Many people migrating abroad have looked at transferring their pensions to a Qualifying Recognised Overseas Pensions Scheme (QROPS) since they were introduced into UK legislation in April 2006.
To decide whether to transfer your UK pension to an offshore pension, that has registered as a QROPS, several factors have to be taken into consideration – not least the tax implications.
However, since the UK changed its rules on overseas pension transfers in April 2006, the UK pension funds do not have to transfer to the same destination as the migrant. It is important, therefore, that the migrant knows not only the tax benefits of the jurisdiction of where their QROPS is, but the tax system on pension income (and other benefits) of where they live now.
UK migrant’s tax resident in France, taking income from their QROPS, would need to be aware of the tax situation. For some types of QROPS that are established in a certain way, payments could be considered as a purchased annuity and, therefore, treated as reportable taxable income on an annual income tax return in France.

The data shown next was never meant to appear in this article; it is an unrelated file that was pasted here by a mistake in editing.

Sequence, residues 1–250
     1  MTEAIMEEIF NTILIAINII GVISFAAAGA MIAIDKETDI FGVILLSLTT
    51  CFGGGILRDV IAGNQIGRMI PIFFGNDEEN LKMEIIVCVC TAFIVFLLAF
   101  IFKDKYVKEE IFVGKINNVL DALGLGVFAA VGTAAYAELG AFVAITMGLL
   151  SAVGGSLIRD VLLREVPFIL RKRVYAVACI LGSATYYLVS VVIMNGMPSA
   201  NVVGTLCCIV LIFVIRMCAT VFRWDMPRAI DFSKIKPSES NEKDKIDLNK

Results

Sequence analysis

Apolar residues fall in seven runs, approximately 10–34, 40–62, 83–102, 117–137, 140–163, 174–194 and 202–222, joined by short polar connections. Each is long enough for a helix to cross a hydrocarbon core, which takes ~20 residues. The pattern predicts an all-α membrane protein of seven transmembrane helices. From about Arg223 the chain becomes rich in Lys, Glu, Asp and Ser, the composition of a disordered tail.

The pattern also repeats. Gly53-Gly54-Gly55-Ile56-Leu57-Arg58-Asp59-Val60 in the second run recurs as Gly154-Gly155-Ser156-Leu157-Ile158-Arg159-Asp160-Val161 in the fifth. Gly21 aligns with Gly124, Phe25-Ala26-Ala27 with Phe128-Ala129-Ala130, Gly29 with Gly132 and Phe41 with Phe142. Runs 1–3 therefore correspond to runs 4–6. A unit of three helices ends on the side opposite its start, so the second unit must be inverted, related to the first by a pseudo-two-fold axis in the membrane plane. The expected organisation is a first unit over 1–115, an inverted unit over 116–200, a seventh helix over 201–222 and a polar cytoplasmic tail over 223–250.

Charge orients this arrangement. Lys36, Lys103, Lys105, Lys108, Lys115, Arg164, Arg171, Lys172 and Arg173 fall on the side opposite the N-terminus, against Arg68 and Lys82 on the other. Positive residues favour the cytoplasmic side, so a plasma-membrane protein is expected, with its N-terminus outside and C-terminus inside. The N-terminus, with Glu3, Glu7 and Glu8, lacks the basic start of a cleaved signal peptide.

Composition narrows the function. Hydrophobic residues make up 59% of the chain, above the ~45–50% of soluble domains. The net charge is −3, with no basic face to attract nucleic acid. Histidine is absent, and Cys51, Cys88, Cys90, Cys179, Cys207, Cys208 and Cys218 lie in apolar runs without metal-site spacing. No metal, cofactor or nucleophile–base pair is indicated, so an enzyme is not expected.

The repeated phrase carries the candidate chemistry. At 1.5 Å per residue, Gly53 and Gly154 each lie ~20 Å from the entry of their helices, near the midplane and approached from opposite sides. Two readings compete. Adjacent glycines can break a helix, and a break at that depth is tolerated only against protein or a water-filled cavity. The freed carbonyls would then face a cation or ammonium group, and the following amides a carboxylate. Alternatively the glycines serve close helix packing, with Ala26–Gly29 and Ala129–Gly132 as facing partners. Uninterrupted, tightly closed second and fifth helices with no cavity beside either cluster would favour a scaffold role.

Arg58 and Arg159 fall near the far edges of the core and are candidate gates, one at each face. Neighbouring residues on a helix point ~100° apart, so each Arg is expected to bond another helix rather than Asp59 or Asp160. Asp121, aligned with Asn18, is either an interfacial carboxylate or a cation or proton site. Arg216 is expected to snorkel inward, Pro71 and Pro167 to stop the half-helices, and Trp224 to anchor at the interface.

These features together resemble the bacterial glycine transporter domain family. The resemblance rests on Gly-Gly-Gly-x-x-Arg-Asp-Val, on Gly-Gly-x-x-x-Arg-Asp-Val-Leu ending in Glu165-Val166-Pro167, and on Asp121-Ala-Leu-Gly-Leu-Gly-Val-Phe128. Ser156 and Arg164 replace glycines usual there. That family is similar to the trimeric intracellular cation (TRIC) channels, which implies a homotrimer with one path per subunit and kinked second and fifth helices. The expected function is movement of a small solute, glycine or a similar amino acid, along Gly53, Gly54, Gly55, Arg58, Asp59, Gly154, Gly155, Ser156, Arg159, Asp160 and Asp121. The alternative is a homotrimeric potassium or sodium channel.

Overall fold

The annual taxable amount from a purchased annuity is banded and is dependent on the individual’s age. Up to 70% of the income from the QROPS would be subject to tax in France for those up to the age of 50 and their is a sliding scale to 30% for those aged over 69.
UK migrants could also find their QROPS funds subject to inheritance tax (IHT) in France upon death. If the deceased is a resident of France, their estate would be expected to pay tax on their worldwide assets (including offshore pension benefits),